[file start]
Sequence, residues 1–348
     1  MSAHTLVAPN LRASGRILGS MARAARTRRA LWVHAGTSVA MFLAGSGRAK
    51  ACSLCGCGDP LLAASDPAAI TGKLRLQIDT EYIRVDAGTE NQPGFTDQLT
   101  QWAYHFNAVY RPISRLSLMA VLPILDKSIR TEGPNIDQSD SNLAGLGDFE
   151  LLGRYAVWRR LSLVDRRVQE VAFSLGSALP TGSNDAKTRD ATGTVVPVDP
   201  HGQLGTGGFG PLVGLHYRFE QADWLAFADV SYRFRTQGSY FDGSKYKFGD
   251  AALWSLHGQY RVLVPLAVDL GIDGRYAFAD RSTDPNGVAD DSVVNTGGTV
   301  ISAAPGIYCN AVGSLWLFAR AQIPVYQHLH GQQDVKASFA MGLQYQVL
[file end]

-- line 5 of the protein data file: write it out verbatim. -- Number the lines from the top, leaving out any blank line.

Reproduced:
   151  LLGRYAVWRR LSLVDRRVQE VAFSLGSALP TGSNDAKTRD ATGTVVPVDP